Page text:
UN Special Rapporteur Irene Khan’s brief held that ‘criminal defamation laws are an inappropriate means of limiting freedom of the press’, and that the UN Human Rights Committee has already found the laws under which Ms Ressa is charged are ‘contrary to human rights law’.

Ms Clooney said:

‘Leading experts from across the world, including a former judge from the Philippine Supreme Court and the UN Special Rapporteur on free speech, all agree: Maria Ressa’s conviction and sentence for libel violates her rights under both Philippine law and international law. I welcome the decision of the Supreme Court of the Philippines to enter these expert reports into the court record, and I hope that the Court will now finally overturn her conviction, and allow justice – and media freedom – to prevail’.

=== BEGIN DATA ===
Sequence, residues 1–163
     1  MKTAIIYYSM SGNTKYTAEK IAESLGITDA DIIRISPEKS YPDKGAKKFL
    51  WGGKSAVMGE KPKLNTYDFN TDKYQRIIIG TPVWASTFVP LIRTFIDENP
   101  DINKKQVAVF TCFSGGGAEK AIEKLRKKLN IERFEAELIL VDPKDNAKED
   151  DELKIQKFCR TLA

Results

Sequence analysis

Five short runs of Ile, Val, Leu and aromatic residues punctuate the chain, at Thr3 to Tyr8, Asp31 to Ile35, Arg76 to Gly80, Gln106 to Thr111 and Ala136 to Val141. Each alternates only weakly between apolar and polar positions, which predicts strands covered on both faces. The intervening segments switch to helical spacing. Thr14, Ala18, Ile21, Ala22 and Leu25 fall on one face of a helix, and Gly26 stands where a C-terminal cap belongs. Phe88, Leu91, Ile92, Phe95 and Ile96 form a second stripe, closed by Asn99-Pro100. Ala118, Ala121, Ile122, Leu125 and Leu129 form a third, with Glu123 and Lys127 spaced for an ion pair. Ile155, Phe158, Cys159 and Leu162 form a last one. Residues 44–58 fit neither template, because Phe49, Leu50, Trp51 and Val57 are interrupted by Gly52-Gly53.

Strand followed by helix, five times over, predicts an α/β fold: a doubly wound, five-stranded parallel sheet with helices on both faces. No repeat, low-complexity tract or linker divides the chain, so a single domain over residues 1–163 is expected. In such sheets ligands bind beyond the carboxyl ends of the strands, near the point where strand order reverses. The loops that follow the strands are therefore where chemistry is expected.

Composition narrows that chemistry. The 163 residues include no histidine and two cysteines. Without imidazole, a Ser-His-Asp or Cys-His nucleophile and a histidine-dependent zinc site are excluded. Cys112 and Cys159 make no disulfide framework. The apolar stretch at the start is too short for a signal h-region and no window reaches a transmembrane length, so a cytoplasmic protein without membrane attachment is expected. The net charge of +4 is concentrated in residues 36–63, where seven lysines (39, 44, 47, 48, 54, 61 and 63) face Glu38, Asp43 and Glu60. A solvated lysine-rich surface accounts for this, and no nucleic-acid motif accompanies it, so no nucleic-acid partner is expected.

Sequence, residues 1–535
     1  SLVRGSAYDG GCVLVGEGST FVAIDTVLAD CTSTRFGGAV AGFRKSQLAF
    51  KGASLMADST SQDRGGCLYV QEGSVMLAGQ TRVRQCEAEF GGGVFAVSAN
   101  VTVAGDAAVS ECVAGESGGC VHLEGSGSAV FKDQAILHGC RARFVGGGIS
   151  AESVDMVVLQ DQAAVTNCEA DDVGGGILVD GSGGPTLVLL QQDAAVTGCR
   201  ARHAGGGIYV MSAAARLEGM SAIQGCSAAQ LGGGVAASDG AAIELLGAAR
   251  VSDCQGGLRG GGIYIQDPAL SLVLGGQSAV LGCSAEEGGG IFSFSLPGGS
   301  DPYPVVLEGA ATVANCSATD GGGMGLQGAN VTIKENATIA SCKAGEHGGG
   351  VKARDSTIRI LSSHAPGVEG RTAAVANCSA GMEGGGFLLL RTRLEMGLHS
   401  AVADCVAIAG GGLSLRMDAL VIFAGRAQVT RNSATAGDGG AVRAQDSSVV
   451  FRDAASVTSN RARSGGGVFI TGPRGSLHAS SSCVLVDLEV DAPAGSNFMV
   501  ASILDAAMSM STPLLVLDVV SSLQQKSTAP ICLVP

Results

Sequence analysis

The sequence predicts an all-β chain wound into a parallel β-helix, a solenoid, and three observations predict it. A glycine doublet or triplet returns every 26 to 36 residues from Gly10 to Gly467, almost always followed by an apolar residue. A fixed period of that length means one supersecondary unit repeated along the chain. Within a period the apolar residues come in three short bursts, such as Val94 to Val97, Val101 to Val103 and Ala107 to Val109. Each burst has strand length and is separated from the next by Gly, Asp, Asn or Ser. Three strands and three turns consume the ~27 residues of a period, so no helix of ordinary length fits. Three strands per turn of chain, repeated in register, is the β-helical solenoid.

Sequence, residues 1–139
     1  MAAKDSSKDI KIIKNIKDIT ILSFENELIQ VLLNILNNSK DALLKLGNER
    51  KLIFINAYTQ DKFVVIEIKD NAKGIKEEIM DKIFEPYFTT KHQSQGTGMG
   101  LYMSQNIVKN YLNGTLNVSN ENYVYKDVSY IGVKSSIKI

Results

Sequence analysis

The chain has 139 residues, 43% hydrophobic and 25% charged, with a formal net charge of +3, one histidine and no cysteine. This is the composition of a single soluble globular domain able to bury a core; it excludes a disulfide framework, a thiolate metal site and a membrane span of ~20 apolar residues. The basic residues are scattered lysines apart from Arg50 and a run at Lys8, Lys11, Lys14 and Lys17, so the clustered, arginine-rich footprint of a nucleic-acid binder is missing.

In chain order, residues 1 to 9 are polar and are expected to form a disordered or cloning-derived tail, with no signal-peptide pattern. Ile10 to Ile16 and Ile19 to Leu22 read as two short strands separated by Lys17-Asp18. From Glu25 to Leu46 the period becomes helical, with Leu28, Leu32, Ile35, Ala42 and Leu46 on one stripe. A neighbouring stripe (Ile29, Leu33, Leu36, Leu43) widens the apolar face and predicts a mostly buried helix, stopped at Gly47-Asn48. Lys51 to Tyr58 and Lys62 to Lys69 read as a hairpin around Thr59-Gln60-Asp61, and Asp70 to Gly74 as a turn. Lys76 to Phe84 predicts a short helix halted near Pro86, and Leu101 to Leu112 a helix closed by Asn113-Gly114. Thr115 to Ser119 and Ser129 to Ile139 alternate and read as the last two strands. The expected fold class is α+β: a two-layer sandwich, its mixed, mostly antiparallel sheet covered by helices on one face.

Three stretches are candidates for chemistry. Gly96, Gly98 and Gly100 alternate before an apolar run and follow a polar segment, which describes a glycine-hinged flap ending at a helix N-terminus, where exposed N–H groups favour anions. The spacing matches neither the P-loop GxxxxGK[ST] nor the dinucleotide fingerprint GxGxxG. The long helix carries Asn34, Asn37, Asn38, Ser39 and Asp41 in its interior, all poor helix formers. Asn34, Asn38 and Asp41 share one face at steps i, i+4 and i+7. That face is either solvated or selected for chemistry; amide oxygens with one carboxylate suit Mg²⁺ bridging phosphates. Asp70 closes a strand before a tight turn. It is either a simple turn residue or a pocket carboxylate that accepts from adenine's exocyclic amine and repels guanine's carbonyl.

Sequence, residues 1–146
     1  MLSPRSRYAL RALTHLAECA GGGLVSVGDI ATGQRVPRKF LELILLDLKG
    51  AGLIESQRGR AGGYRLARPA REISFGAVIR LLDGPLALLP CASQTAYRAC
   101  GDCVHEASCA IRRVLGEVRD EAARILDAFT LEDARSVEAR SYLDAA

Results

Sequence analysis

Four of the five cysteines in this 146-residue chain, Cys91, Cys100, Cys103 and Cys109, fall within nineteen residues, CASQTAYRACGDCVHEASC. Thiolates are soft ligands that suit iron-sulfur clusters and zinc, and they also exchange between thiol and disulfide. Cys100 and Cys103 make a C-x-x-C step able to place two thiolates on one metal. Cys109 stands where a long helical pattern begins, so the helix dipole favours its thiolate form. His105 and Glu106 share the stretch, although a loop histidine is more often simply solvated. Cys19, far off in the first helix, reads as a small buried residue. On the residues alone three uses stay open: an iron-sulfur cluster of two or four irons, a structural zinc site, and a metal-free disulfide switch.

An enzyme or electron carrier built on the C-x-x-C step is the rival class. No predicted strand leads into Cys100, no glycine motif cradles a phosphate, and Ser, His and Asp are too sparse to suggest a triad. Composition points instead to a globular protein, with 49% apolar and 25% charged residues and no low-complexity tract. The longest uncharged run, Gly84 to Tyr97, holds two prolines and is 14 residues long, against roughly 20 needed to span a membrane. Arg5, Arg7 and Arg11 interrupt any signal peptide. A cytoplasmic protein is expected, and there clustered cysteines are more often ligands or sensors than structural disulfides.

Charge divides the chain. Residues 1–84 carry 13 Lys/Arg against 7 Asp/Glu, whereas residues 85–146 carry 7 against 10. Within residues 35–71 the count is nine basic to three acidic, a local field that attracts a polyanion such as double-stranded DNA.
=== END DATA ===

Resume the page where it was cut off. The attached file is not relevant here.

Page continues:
Ms Gallagher KC said:

‘It has been almost four years since our brave client, Maria Ressa, was convicted of ‘cyberlibel’ in June 2020, in a case which has been widely condemned across the globe. Now, leading experts have detailed in these two important amicus curiae briefs the multiple ways in which this case flagrantly violates Maria Ressa’s rights, and severely weakens media freedom and the rule of law. Four years on, this case must finally be brought to a just end – for Ms Ressa and for the Philippines.’

Ms Ressa’s international legal team is led by Amal Clooney and Caoilfhionn Gallagher KC and includes fellow barristers Can Yeginsu and Claire Overman and lawyer Alice Gardoll. The team is also working closely with Peter Lichtenbaum, Stephen Rademaker and former Ambassador Daniel Feldman of Covington & Burling LLP.